In business and in racing you need to find your happy pace!

Once again, this year, I had the honor of running the Flying Pig 10k and 5k with the Having the Courage to Change women.  These women are on an incredible journey as they recover from a variety of addictions and emerge healthy, happy and clean. I have volunteered as their personal trainer and nutrition coach for three years, so I have had the opportunity to watch them grow and be part of their journey.

As we were running the 5k, I noticed a number of kids with shirts that said “Find your Happy Pace.”  That made me smile because running, business and life are all about finding your happy pace.

For some runners, their happy pace is a fast pace and setting a PR (personal record.)  For others, like the Having the Courage to Change Women, their happy pace is the one that gets them to the finish line, however fast or slow that might be, with a sense of accomplishment and pride.  People’s happy pace for their personal and professional lives is quite similar.

In the past, my happy pace for running was the fast, PR happy pace.  But over the last two years I have run races that were so spectacular, such as Big Sur with its incredible views and Labor of Love with its incredible 50 mile distance, that my happy pace has been to just run for the pure love and joy of it and take my time.

After running Labor of Love two weeks prior to the Flying Pig, my body was fatigued from a year of heavy mileage training and the race.  It was nice to run the Pig races with the women at their pace…a slower, joyous, celebratory pace.  That pace screamed of passion and perseverance. It was their happy pace and mine.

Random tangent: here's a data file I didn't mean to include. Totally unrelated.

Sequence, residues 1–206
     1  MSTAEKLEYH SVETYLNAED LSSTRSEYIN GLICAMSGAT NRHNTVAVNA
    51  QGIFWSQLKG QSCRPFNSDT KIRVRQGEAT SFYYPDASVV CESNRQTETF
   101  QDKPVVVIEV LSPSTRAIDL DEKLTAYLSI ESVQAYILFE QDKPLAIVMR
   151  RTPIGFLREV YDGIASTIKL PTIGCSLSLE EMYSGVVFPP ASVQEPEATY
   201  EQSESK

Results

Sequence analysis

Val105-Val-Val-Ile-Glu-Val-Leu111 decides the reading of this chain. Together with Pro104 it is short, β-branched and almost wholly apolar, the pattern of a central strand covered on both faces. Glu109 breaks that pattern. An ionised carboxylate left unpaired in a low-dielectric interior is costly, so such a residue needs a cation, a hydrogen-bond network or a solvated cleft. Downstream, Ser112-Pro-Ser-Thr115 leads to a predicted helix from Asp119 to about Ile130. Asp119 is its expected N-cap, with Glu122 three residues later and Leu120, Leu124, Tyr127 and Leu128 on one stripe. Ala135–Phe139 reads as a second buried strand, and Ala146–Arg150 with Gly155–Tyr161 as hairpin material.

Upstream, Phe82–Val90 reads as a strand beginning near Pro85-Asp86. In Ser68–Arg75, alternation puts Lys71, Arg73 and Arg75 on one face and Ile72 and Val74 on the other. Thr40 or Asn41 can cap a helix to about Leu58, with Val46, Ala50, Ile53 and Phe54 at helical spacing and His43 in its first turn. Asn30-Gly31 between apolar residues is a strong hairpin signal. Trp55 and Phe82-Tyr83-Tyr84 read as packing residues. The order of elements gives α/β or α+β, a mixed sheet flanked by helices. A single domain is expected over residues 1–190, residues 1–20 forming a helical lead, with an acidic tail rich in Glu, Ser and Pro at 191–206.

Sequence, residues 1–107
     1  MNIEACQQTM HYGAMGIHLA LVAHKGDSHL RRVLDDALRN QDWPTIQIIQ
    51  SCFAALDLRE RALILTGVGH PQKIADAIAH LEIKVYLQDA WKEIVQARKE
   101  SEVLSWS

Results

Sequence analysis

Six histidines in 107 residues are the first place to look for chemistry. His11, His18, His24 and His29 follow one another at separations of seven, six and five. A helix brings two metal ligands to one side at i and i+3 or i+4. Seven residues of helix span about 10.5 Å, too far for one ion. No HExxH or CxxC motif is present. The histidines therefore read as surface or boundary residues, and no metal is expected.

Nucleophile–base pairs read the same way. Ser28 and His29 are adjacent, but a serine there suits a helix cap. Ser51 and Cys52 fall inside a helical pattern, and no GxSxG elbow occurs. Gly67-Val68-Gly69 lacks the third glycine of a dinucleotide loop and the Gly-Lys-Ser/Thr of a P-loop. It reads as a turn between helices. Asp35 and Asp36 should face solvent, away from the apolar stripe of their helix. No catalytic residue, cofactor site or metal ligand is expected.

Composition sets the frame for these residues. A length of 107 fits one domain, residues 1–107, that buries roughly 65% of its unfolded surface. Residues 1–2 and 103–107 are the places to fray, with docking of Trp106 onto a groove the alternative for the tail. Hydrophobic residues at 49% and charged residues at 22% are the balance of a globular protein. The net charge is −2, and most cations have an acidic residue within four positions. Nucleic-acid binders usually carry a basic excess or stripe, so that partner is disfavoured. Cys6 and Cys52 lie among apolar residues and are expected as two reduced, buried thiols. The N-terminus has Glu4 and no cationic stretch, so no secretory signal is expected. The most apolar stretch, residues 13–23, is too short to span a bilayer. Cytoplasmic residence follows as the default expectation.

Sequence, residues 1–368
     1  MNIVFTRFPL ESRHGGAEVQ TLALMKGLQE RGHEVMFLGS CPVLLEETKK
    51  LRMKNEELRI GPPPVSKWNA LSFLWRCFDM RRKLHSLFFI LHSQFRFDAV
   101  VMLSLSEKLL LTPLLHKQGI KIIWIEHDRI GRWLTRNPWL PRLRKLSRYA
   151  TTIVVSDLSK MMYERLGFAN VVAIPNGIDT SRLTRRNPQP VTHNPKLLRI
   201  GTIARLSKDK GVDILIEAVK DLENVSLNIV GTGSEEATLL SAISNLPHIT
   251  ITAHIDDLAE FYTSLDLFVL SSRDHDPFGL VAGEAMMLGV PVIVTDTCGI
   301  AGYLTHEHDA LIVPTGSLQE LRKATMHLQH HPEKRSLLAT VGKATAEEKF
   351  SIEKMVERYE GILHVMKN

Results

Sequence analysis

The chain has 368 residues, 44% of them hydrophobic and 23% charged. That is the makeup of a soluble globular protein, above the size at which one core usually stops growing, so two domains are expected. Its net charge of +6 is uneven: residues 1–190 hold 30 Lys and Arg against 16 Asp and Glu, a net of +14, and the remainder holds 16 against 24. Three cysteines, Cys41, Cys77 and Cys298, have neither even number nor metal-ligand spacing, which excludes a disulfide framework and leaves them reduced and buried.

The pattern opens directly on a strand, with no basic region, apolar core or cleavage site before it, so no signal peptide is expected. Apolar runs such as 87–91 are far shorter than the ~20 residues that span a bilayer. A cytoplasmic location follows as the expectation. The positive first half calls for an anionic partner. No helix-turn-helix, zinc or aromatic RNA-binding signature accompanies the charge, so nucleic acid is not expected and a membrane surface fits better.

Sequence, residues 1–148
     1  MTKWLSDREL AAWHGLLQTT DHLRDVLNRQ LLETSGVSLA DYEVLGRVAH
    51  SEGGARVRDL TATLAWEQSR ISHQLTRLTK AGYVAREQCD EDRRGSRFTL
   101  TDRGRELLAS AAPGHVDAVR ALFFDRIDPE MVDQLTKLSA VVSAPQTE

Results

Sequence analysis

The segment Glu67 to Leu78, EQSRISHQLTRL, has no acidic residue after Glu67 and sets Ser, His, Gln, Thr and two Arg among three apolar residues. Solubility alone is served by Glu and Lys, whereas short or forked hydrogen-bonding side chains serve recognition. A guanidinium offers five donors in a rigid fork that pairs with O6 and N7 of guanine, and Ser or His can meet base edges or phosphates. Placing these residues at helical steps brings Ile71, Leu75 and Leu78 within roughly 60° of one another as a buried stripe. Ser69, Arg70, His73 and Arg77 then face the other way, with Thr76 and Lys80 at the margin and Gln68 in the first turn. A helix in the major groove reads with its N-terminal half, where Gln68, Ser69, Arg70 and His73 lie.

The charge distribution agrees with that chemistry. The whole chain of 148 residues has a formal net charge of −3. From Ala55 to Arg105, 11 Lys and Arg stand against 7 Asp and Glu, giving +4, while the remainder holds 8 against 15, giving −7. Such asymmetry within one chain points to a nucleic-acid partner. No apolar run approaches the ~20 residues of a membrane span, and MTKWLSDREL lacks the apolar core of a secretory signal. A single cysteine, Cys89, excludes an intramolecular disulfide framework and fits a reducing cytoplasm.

After running a 50 mile race, the rule is to take 50 days of recovery.  That means you’re still training but at a more moderate pace and running moderate distances to let your body heal from the race and the year of training leading up to it.  For the first two to three weeks after the Labor of Love, my body was enjoying the lower mileage runs with very moderate weekly mileage.  My pace after the race was about the same as it was during race training…slow and steady.

By the fourth week, things began to change.  While I was still running short distances and low weekly mileage (5-6 mile runs three times a week), I felt my pace starting to pick up.  My Garmin (which tracks my mileage and pace) confirmed that.  There were several runs where my pace was close to my PR pace days.  It felt good to know those days weren’t gone.  On those runs, faster was my happy pace.

My next big race will be the Marine Corp Marathon in October.  This is a race I have wanted to run since I began running about seven years ago.  I haven’t decided what pace I will run…faster to possibly set a PR or slower to enjoy a race I’ve dreamed about for years.  All I know is that whatever pace I decide to run, it will be my happy pace.

So what does this story have to do with business?

We live in a society where instant gratification is the norm, and it’s often expected.  While running your work and personal life at race pace is required at times, especially if you’re on a deadline, most people don’t have to work and live at race pace all the time. In fact, working and living at race pace, like training and racing at race pace all the time, can lead to extreme fatigue and burnout.  In our professional and personal lives, we need to find our happy pace the same way we do in racing.  What we must remember is that our happy pace is not always the same pace. Sometimes our happy pace is fast.  Sometimes it’s slow.  And sometimes it’s something in between.

To find your happy pace, you have to evaluate the situation and set your pace accordingly.  When we do that, we get to the finish line with a smile on our face and a sense of accomplishment…just like the Having the Courage to Change women.


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